Sainz: 'Not easy to get confidence back' after Miami GP practice shunt

Carlos Sainz said it "wasn't easy at all to get the confidence back" for qualifying at the Miami Grand Prix after suffering a heavy crash during FP2.

Carlos Sainz, Ferrari F1-75

The Spaniard had a heavy crash in Friday's second practice session, spinning and hitting an unprotected concrete wall on the outside of Turn 14.

But he managed to regroup ahead of qualifying on Saturday and will line up second for tomorrow's race behind team-mate Charles Leclerc, with his quickest time just 0.190s off the pace.

Asked how he had turned it around after his earlier accident, Sainz said: "Well, just building a bit from the pretty heavy crash yesterday, it wasn't easy at all to get the confidence back in such a difficult circuit like it is this new one on Miami.

"But yeah, kept it cool until Q3. I think I pulled out a couple of good laps. Not quite enough for pole position, but given from where I was coming yesterday, I will take it."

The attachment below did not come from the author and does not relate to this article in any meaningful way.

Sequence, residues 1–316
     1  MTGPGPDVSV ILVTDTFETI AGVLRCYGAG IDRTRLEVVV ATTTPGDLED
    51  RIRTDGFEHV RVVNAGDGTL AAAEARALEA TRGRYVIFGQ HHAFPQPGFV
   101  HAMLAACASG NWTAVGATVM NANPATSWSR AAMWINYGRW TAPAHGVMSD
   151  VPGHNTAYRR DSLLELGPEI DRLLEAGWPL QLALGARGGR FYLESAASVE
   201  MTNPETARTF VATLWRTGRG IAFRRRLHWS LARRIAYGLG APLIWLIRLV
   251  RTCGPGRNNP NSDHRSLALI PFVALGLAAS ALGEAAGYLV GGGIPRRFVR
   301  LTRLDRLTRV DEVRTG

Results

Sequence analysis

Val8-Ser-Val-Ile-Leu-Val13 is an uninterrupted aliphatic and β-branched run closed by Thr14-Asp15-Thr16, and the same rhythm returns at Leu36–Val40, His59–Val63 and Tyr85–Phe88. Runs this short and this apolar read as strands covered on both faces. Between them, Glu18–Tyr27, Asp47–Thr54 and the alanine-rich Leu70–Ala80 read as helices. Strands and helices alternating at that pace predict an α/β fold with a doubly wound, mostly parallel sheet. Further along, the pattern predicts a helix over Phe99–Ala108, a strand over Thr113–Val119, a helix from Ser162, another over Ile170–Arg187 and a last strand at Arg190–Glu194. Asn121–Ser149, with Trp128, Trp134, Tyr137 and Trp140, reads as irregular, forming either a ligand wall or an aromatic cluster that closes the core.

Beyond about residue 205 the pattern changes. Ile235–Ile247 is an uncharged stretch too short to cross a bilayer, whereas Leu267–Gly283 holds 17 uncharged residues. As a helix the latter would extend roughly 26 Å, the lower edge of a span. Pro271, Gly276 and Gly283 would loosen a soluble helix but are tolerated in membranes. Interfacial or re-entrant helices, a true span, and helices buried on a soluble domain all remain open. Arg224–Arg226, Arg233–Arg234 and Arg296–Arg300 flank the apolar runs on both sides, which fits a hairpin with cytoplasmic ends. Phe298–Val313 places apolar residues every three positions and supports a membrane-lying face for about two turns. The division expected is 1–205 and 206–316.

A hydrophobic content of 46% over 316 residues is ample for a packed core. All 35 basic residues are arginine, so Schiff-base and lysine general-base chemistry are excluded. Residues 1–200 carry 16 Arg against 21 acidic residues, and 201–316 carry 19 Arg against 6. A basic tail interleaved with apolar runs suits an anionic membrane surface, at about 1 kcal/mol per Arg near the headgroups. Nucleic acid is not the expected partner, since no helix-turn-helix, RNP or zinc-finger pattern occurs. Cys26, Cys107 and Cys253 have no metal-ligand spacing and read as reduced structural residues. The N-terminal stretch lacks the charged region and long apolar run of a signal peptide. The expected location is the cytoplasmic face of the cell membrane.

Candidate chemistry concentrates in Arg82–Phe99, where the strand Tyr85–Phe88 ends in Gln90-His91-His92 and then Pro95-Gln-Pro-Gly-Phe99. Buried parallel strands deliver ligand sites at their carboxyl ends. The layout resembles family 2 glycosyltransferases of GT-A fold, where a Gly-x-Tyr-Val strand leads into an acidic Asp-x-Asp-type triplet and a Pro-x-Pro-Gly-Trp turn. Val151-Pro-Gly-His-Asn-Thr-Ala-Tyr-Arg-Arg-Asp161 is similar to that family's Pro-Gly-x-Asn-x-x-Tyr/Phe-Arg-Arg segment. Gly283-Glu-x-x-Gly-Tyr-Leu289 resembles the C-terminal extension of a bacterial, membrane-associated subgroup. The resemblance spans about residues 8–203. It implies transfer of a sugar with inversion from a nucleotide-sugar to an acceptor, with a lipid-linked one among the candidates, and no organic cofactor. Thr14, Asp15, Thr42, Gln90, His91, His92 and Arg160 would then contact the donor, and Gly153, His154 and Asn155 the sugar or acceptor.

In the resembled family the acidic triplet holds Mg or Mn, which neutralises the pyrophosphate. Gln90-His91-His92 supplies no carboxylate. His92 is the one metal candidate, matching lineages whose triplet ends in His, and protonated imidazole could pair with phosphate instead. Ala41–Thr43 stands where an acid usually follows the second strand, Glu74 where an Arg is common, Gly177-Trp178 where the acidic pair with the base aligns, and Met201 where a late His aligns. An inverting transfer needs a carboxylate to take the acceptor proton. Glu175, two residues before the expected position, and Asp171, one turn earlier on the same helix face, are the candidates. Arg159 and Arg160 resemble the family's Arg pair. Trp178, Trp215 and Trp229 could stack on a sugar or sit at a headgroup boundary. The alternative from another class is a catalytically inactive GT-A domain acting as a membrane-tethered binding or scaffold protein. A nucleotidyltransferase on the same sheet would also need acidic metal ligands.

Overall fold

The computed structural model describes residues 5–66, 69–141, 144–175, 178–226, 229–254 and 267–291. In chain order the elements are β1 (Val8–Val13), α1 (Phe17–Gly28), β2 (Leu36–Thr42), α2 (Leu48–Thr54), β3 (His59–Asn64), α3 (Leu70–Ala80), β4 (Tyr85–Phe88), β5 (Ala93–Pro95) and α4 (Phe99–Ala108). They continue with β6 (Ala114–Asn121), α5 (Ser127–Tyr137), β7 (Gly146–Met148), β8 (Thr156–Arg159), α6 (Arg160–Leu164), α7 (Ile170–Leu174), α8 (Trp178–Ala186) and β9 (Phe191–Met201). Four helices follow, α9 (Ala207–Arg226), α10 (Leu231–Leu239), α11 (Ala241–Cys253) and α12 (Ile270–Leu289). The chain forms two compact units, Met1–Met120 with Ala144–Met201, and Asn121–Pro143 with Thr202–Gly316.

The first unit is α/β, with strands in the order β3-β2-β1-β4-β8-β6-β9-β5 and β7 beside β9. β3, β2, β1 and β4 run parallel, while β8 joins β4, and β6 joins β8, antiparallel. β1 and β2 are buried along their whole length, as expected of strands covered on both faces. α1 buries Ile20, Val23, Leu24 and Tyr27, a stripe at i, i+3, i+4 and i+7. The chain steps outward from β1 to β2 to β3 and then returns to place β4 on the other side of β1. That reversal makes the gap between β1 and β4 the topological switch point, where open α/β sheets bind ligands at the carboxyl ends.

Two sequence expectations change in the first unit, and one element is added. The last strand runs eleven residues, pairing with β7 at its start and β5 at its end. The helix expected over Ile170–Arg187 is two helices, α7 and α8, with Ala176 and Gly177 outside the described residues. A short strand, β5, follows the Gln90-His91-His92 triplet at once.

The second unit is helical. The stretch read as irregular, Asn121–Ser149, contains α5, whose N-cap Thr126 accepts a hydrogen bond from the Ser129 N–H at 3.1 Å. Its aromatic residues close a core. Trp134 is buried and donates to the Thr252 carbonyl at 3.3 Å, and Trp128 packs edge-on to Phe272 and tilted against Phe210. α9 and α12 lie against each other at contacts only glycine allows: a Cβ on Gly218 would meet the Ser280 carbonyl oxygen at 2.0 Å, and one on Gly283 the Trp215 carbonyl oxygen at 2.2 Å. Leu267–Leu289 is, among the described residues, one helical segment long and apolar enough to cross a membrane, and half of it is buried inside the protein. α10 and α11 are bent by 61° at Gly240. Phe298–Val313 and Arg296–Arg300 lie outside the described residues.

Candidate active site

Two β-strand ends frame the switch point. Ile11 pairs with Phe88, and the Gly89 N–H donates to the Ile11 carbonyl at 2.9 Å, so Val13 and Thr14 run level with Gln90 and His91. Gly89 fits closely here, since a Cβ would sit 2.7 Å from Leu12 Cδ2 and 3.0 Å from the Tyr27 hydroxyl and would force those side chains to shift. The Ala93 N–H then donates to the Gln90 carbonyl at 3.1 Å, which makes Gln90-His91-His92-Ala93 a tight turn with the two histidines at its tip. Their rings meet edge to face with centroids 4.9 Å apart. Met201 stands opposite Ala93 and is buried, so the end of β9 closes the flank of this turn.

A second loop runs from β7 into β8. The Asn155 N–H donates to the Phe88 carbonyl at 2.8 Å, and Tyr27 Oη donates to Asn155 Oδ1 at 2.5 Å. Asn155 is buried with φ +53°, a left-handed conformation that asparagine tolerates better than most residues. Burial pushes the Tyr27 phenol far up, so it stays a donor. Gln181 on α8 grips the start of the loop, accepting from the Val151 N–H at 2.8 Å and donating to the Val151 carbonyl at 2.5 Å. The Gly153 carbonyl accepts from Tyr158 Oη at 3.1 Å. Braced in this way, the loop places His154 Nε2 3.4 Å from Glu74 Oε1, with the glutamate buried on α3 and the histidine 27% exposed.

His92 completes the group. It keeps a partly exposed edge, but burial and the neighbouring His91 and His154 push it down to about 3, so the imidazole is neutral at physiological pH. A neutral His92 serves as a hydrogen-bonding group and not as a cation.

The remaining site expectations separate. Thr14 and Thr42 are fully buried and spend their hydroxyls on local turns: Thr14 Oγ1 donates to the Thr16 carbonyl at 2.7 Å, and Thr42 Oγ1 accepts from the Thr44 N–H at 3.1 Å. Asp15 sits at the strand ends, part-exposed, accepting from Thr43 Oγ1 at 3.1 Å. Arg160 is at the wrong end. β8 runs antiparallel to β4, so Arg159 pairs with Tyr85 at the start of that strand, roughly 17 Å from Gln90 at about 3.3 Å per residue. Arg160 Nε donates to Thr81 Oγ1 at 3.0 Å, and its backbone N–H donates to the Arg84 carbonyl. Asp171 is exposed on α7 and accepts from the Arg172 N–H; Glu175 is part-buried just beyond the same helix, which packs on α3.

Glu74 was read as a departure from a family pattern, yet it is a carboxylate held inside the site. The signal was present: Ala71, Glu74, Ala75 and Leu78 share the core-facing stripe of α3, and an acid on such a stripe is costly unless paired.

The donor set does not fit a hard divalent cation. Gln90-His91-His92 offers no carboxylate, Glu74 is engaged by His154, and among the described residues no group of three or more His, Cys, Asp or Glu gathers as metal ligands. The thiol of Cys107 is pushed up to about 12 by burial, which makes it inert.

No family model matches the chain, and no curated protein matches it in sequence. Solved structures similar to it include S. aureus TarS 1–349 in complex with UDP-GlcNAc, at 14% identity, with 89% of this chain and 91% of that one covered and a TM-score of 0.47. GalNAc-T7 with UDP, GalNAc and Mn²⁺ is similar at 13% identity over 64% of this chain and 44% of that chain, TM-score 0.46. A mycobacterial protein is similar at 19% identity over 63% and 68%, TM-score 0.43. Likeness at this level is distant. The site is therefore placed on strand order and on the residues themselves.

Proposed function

He added: "I think it is gonna be an interesting day with everything that's going on this weekend. I haven't done any long runs yet. I haven't put the fuel on the car and tried it.

"So tomorrow laps to the grid will be the first time to have a feel, which could be quite challenging.

"But at the same time, I'm feeling confident with the car. The car is really good to drive around here, so I think we can do a good job."

Carlos Sainz, Ferrari F1-75

Carlos Sainz, Ferrari F1-75

Photo by: Carl Bingham / Motorsport Images

Sainz had looked set to line up third for Sunday's race, with Max Verstappen topping the timesheet after the first runs in qualifying.

But a mistake from the Red Bull driver through the Turns 5/6 complex on his final attempt forced him to abort the lap and allowed Sainz to slot in ahead of him and secure a Ferrari 1-2.

Sainz's accident on Friday came after his frustrating first-lap retirements in both the Australian and Emilia Romagna GPs.

He said the Ferrari F1-75 is still "surprising" him and that he was "still learning a lot of this car."

But he insisted that the speed he'd demonstrated on the new circuit before the crash was the one positive he could take from the day.

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